Reactive oxygen species (ROS) and other free radicals are unstable chemicals that constitute an important part of our normal metabolism. However, greater concentrations of these chemicals are implicated in a wide spectrum of age-related pathologies from inflammation to dementia. Could it be that the generation of toxic levels of these chemicals forms an integral component of the aging process?
Free radicals are defined as molecules having an unpaired electron in their valence shell; simply put, they are electrically unstable. This leads them to either rip electrons from, or donate electrons to, nearby molecules, often resulting in a chain reaction by converting these other molecules into free radicals.
Despite the crucial role of free radicals in the normal functioning of our cells, too many of them can have devastating effects. Artificially inducing high concentrations of free radicals will result in rampant electron swapping to the extent that the cell simply shuts down the normal processe and the cell will undergo necrosis or apoptosis. Alternatively, if lower levels of free radicals are consistently present over longer periods of time, resulting damage can accumulate to result in comparable damage to cellular components and processes. Mutations in DNA can result, that if in certain regions of our genome can result in a range of subsequent pathologies, from cell death to carcinogenesis. Thus, if over time we loss control over the concentration of free radicals in our bodies, it could very well explain the symptoms we normally associate with aging.
Do free radicals play such a role in aging? One reason that it is hard to ascertain whether or not this is so is because it is difficult to detect the levels of free radicals in vivo. Present methodologies for detecting free radicals are for the most part crude, and thus yield ambiguous data with regard to how important these processes are with aging. However,some compelling evidence does exist that free radicals play an important part of aging. There is evidence that mitochondrial genome mutations increase with age, some leading to drastic increases in intracellular concentrations of free radicals. This purported age-related increase in free radical production due to mitchondria failing could thus very well lead to an increase in the incidence of many of the aforementioned diseases. Alternatively, DNA mutations in genes regulating the concentrations of free radicals could likewise result in a feedback loop to induce more free radicals and exacerbate damage.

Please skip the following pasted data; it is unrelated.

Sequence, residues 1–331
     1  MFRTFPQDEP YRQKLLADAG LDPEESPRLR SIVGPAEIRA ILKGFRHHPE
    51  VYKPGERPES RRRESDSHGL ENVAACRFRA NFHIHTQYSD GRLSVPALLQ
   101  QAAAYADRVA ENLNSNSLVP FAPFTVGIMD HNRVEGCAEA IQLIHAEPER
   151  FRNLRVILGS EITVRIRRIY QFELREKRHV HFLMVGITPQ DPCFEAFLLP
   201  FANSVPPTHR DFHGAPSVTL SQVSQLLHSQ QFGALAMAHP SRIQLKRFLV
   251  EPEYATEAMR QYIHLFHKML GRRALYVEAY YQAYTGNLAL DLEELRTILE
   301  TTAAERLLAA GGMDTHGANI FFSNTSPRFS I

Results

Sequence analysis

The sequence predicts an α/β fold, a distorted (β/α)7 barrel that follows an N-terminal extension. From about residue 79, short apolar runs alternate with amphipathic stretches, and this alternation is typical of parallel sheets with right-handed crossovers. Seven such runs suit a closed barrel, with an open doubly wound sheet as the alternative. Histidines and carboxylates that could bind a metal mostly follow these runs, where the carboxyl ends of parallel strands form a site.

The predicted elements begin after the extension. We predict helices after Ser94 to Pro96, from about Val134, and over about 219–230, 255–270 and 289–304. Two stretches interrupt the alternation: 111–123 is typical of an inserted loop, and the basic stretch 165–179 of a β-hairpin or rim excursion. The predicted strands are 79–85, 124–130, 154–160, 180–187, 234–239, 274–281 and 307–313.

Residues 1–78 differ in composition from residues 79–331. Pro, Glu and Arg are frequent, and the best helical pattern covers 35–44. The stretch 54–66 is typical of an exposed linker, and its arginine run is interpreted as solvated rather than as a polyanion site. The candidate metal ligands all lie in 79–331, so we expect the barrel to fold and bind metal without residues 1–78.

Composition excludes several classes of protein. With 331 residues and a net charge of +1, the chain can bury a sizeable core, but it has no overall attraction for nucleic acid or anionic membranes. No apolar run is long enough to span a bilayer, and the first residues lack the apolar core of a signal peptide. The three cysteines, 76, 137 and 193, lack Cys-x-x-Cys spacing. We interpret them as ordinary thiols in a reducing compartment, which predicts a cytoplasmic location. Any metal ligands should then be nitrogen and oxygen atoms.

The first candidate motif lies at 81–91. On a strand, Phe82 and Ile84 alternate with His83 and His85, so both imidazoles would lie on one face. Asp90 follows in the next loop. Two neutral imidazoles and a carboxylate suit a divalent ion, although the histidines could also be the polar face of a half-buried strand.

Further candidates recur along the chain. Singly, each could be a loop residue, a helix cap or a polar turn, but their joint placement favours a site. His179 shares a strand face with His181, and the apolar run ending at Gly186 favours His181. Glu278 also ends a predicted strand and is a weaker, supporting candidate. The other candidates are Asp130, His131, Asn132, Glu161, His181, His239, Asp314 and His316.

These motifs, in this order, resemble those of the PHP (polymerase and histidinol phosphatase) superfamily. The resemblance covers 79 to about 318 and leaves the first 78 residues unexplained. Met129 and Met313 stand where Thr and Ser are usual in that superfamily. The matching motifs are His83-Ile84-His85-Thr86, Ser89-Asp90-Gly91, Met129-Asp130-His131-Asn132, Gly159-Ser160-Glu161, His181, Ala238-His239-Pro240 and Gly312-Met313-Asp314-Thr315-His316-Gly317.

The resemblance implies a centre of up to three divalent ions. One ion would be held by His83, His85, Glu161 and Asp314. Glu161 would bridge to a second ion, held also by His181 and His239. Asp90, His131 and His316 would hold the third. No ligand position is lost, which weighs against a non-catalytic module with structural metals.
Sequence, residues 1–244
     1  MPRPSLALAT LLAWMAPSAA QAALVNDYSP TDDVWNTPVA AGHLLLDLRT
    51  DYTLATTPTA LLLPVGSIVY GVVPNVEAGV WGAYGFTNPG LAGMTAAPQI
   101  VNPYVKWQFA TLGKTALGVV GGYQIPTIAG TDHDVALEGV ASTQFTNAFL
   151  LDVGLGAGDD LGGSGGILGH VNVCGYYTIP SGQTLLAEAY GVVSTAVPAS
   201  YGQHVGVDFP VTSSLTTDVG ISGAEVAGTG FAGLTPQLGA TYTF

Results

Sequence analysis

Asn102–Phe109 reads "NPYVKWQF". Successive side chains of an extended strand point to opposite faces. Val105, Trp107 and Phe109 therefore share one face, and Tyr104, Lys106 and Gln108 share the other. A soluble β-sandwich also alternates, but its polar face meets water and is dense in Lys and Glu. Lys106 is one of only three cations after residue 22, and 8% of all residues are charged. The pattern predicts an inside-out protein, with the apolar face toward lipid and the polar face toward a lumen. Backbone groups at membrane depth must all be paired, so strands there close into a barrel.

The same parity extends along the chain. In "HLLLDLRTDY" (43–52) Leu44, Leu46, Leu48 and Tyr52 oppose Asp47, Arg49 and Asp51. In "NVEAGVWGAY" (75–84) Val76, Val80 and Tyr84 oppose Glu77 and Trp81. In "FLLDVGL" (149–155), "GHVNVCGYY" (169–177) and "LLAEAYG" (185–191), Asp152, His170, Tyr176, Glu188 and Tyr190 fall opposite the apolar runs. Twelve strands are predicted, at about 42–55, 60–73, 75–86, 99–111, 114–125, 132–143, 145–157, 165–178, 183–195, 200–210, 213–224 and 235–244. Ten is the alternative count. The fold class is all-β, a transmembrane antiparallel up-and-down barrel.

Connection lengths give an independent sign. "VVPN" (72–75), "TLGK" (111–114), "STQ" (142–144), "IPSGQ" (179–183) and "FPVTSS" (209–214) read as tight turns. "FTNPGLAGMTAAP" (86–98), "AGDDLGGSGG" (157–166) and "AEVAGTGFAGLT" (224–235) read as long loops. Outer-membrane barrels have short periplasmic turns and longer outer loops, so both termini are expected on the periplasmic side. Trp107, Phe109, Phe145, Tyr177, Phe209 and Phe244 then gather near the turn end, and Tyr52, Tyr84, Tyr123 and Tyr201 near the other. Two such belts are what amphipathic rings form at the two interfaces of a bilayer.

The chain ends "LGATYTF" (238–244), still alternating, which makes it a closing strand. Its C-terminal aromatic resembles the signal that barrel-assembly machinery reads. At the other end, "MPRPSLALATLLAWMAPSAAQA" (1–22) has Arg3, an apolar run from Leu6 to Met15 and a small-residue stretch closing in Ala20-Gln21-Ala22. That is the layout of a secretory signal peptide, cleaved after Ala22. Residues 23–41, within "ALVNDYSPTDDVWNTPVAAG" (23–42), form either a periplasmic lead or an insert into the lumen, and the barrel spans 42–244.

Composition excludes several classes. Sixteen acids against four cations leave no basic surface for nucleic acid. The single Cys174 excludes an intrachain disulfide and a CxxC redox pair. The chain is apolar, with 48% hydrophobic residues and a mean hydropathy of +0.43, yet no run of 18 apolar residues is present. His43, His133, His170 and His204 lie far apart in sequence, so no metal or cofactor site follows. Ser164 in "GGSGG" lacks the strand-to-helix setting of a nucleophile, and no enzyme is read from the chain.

Current evidence thus suggests that free radicals are an important part of aging, but by no means established their role as central to the process. That is, other forms of cellular dysfunction, such as mitochondrial dysfunction or DNA mutations, likely precede free radical production and thus the generation of free radicals is simply the secondary medium whereby these other forms of dysfunction cause visible age-related pathologies. This implies that intervening at the free radical stage, via antioxidants or other therapies, could theoretically attenuate age-related damage and pathologies, but not to the extent that treating the underlying initial causes would yield. Experimental evidence supports this hypothesis.
Many researchers have touted the potential of antioxidants in extending lifespan, but no antioxidant has been demonstrated to accomplish this. While the longevity of some inbred or deficient mutant organisms has been extended via such pharmacological interventions, this by no means translates into life extension in wildtype organisms. More likely, the antioxidants compensate for the genetic defects.
The development of future life-extension therapies therefore probably lies in addressing the factors responsible for the increase in free radical damage associated with age rather than attenuating the free radicals themselves.